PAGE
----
Pregnancy is a joyful time of transition for the mama-to-be, but it can be stressful as well. Massage promotes general well-being throughout your pregnancy by offering both physical and emotional benefits to support you as your body nurtures and cares for your baby.
Massage can help:
- Alleviate many of the normal discomforts of pregnancy, such as backache, stiff neck, leg cramps, headaches and sore, swollen feet.
- Relieve depression or anxiety caused by hormonal changes.
- Circulation, which in turn keeps hand numbness and blood pressure in check.
- Soothe and relax the nervous system, which helps you sleep more deeply.
- During birth as a comfort measure, and after birth to ease postpartum stress.
- To enhance deeper breathing and relieve uncomfortable congestion in the nose and sinuses.
Below are five tips you can share with your partner so he can give you a prenatal massage at home, anytime. Turn this article over to him...
Partners, follow these 5 tips to give your wives stress-relieving, muscle-relaxing, happiness-inducing prenatal massages at home.
The very best start is to offer your wife a massage. The gesture itself is almost enough to relax and ease her body!
It doesn't take much, as long as the touch is gentle and coming from a loving place. She will reap numerous benefits from the massage, and it shows that you support her and that you're being attentive to her needs.
Bonus: It promotes healthy relationship bonding!
Make sure your wife is lying comfortably on her side while supported by pillows, which is best for safety and comfort. She should have a pillow under her head to relieve tension on the neck, one under her belly (depending on how far along she is) and one under her knee/leg to keep her hip in line with her body. This makes it easiest to target the whole back, neck and head.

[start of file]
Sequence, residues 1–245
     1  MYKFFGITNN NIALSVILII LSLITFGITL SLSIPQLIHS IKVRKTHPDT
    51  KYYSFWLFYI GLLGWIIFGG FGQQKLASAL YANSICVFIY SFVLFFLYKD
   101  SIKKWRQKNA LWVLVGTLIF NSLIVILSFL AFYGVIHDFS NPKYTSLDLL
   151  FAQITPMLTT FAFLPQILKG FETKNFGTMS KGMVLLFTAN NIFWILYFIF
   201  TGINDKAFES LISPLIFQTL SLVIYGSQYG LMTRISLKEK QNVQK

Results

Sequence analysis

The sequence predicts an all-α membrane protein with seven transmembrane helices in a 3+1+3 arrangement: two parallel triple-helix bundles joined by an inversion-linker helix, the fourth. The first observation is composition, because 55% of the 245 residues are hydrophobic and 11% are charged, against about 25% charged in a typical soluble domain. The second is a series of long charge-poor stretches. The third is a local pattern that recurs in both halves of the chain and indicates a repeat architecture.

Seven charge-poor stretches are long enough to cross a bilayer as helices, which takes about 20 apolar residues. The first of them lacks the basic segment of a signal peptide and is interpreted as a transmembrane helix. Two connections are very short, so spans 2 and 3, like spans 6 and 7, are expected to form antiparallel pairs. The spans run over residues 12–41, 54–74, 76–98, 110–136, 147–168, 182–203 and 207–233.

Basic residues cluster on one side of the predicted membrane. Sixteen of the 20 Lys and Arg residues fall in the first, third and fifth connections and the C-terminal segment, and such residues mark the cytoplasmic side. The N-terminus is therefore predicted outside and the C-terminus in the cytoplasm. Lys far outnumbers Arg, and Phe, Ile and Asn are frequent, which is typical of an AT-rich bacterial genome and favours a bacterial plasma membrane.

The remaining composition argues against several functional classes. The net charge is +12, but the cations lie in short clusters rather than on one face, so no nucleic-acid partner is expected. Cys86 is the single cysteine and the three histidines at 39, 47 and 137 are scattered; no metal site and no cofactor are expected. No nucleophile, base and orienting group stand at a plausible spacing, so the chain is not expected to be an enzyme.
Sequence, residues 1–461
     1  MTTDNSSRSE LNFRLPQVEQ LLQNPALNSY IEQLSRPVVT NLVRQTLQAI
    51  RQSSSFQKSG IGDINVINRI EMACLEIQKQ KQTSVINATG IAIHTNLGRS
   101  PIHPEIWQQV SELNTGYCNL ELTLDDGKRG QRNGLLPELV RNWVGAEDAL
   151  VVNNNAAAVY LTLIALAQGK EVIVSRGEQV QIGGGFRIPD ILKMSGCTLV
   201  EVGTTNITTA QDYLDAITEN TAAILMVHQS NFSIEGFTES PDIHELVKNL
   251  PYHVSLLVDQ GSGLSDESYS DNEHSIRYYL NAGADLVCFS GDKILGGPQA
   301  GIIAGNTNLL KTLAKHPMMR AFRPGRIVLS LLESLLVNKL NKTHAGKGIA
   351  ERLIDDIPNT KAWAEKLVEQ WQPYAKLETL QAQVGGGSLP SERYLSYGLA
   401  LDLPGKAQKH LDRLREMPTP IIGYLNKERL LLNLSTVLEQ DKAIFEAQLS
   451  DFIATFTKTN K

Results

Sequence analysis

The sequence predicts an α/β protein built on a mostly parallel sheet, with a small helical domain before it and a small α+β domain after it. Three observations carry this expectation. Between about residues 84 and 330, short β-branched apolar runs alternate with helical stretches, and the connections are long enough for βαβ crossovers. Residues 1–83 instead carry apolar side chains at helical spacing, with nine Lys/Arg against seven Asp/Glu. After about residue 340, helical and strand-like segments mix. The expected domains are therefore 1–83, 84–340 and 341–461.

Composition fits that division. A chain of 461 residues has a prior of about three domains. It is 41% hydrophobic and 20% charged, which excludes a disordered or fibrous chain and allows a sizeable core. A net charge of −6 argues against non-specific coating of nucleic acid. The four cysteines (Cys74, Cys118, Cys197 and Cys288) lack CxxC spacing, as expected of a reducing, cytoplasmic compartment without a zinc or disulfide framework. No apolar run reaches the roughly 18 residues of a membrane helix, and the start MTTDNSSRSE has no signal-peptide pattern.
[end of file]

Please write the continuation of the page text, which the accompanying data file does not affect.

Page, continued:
Sitting upright or reclined in a cozy chair, couch or recliner with her legs and feet elevated is also a good position. Make sure to place a pillow under her lower back to support the curve of her spine. If you stand behind or in front of the chair, this position is also great for a foot and calf rub as well as a lovely scalp massage and shoulder rub.
Keeping a slow, gentle, rhythmic flow to your movements is key. Make sure your touch is nurturing to both your wife and your unborn baby—this is a time when your loving touch is felt by both of them.
Kneading and squeezing actions on mama's shoulders are best—don't put any direct pressure on the muscle, since some points are contraindicated. Use full hand movements beginning at the neck and sweeping down the back along the two sides of the spine—never placing pressure on the spine—all the way down to the sacrum.
You can use smooth, long strokes on her legs, and be sure to spend a lot of time on her feet. The feet go through a lot during pregnancy due to the increased weight mama is carrying.
Communication is important. Your wife needs to ask her midwife or doctor whether an at-home prenatal massage is okay for her. Oftentimes it will be fine in low-risk pregnancies, but there are some situations in which a trained, professional massage therapist is needed or massage is not recommended.
Check in with your wife about the pressure of your touch—too much pressure can be uncomfortable (sometimes we don't know our own strength!). Be sure to stop the massage at any point if she says she's feeling dizzy, nauseous or lightheaded. Make sure she knows to let you know how she is feeling throughout the massage and to let you know if anything becomes too much.
Be aware of precautions and warning areas in the body. Steer clear of using aromatherapy essential oils unless you have proper training and knowledge. Know where it is NOT safe to massage—stay clear of any deep work on the legs (blood clots/varicose veins). Keep the pressure light and don't hold any reflexology points that could stimulate labor.
Let this massage time become a part of your routine throughout your wife's pregnancy, and not just a one-time deal!
Caitlin McCann is a birth doula and licensed massage therapist who specializes in prenatal massages. Her company, Massage Doula, is based in Bradford, Massachusetts.